The key UNESCO convention on the issue — the Convention on the Means of Prohibiting and Preventing the Illicit Import, Export and Transfer of Ownership of Cultural Property — was enacted in 1970. But it has no legal weight, and applies only to antiquities removed from countries after 1970.

The lack of international legal tools that can be used to reclaim antiquities is part of the problem for source countries, leading to high-profile repatriation campaigns such as the one led by Hawass.

“I think [these countries] do that because they feel there is a void in this area in terms of international law or prevailing conventions that they can refer to,” says Tarek Shawki, director of UNESCO’s regional bureau for science in Arab states.

But even if laws are in place, the case for ownership isn’t always cut and dry. Exhibit A: the Rosetta Stone. The stone was first discovered by French occupation soldiers in 1799, when Egypt was under the nominal rule of the Ottomans. In 1801, after Napoleon’s defeat by the British, the stone was ceded to the victors. Since 1802, it has been displayed in the British Museum (with a brief break during the heavy bombing of London during the Second World War). It was decoded by British and French archaeologists and subsequently maintained by the British Museum.

It’s an all-too-common tale of colonial powers pilfering antiquities from source countries under occupation. But it’s an argument that sways the heart, not the head.

Not only does the stone’s complicated history make a legal case for returning it difficult, the British Museum has demurred on giving the stone back, citing practical concerns over the stone’s security in Egypt.

Such concerns can come off as “logical or hostile, depending on who’s listening,” says Shawki. Genuine concern over the well-being of priceless artifacts on the part of, in this case, European museums, can come off as patronizing and colonial. Conversely, Hawass’ rhetoric, though born of a passion for antiquities, can come off as nationalistic. Hawass told Al Jazeera in a July 2007 television interview about the Rosetta Stone: “We own that stone. The motherland should own this.”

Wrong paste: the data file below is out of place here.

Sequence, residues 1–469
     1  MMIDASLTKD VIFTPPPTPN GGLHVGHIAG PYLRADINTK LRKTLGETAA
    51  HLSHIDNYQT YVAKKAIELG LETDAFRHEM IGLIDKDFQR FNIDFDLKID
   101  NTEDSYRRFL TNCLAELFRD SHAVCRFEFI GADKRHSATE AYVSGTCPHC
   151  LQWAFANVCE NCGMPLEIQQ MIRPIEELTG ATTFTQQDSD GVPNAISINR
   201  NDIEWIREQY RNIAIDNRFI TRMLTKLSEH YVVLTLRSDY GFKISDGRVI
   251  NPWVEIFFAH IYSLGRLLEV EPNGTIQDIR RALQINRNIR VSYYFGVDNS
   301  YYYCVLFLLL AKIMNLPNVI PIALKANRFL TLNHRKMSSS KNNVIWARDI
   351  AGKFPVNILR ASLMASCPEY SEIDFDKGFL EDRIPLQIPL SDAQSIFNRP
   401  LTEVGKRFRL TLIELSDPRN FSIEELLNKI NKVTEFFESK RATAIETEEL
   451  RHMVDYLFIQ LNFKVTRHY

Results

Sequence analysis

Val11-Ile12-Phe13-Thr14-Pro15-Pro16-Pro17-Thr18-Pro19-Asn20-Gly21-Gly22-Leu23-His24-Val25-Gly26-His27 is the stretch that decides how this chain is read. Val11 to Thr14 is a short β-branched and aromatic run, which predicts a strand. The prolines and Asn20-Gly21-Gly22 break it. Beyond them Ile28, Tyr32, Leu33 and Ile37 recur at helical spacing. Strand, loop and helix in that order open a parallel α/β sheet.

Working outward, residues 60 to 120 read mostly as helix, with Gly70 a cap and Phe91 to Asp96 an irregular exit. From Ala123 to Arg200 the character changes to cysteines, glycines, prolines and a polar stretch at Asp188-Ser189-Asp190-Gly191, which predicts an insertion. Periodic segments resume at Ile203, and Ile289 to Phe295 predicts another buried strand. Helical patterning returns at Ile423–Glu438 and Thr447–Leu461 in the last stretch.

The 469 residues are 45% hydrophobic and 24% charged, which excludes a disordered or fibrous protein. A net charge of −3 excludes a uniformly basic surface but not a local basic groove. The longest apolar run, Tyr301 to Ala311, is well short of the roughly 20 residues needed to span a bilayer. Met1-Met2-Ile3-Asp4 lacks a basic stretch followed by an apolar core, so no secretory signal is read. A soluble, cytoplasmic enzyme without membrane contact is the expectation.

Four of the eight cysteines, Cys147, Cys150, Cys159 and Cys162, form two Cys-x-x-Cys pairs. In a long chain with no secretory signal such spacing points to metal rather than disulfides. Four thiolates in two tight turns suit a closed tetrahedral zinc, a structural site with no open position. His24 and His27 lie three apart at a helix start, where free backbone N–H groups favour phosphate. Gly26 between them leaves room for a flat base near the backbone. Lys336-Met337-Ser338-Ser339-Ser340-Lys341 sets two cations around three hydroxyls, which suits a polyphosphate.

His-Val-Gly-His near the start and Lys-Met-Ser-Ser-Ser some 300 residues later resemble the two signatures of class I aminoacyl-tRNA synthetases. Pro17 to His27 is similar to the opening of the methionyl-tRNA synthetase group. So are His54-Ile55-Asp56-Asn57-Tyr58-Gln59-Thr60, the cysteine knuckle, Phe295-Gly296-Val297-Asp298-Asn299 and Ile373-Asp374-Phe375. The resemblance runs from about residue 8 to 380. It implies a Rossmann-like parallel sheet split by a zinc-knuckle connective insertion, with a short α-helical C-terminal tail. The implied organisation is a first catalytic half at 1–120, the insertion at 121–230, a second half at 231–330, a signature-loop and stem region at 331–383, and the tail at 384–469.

Such talk is disturbing to those who see ancient artifacts as world heritage, not national symbols.

It is difficult to make the case that the artifacts of ancient Egypt were made by people bearing strong similarities to citizens of the modern-day Arab Republic of Egypt, just as it would be difficult for Greek PM Papindreou to say he has a tangible link to the lineage of Socrates. Though geography and cultural identity count for much personally, they are not consistent, logical or legal foundations for creating effective mechanisms to govern the return of antiquities.

These larger issues are precisely the ones people like James Cuno, director of the Art Institute of Chicago, see as the overriding concern in the political debate over antiquities. Cuno’s book Who Owns Antiquity? and his subsequent lectures on the subject of antiquities argue for a global culture of antiquities exchange, in which scholars refuse to cave to the pressure of leaders and governments seeking to acquire antiquities for their own national promotion. “It is in the nature of our species to connect and exchange,” Cuno wrote in his book. “And the result is a common culture in which we all have a stake. It is not, and can never be, the property of one modern nation or another.”

Cuno argues that the laws drafted by nations to protect their antiquities are not only ineffective and drive pieces to the black market, away from the public eye and scholarship, but also that ancient antiquities are used to foster the nationalist identity of the state.

The arguments made by the SCA hinge on national ownership, but those arguments can be dangerous when used by any country seeking to place a national claim on human heritage. The modern state of Israel declared in February that Rachel’s Tomb in Bethlehem and the Cave of the Patriarchs in Hebron, two West Bank sites considered holy to both Jews and Muslims, as Israeli national heritage sites. Clashes erupted after the announcement in what many viewed as a bid to claim Palestinian land under the guise of preserving cultural heritage.

On March 14, Hawass cancelled the SCA’s unveiling ceremony for Cairo’s Maimonides Synagogue, a recently restored nineteenth-century synagogue, citing displeasure with recent Israeli actions in the Palestinian territories. He was quoted in the independent Israeli daily Ha’aretz, as saying that he had given “the Zionist enemy a slap in the face.”

In a cultural, scientific and educational sense, name-calling and flag-waving degrade the ideals behind preserving humanity’s past. When artifacts are used as political footballs, history gets sidelined.

In the spat over Maimonides Synagogue, the irony was lost on all parties. The synagogue’s namesake was a famous thirteenth-century Jewish philosopher and physician who died in Cairo after serving as the court physician to a series of Muslim sultans, including Salah Al-Din. et